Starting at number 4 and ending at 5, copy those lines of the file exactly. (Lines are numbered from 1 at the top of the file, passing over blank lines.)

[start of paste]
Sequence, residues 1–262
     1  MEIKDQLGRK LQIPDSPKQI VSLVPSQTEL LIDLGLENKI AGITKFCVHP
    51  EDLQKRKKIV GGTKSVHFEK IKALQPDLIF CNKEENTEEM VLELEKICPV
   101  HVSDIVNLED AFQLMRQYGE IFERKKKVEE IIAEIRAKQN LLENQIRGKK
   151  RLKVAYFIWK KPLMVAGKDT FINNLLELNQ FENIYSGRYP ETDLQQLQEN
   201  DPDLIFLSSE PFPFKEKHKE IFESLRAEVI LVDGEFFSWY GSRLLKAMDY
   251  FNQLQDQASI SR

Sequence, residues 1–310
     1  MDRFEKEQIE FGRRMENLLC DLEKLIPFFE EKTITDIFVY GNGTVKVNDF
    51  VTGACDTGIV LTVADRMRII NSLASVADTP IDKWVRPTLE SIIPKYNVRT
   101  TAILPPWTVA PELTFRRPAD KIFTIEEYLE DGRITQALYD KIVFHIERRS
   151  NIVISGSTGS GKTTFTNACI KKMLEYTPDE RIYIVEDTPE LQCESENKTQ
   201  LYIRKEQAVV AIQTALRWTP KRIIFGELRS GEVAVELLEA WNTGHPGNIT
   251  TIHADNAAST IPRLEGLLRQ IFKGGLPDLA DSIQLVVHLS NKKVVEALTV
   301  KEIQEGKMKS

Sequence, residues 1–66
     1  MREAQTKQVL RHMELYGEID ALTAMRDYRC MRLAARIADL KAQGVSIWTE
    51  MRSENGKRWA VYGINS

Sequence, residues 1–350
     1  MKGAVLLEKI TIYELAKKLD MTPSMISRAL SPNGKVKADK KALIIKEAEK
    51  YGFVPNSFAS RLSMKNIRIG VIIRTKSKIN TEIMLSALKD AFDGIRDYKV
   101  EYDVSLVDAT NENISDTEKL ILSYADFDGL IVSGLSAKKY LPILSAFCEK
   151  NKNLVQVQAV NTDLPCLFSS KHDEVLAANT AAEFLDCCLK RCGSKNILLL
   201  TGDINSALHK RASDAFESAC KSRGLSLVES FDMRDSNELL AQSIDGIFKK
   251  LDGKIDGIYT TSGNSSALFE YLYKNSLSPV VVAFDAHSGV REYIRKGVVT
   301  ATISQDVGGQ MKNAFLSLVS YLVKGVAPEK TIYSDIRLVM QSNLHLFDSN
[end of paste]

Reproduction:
   101  HVSDIVNLED AFQLMRQYGE IFERKKKVEE IIAEIRAKQN LLENQIRGKK
   151  RLKVAYFIWK KPLMVAGKDT FINNLLELNQ FENIYSGRYP ETDLQQLQEN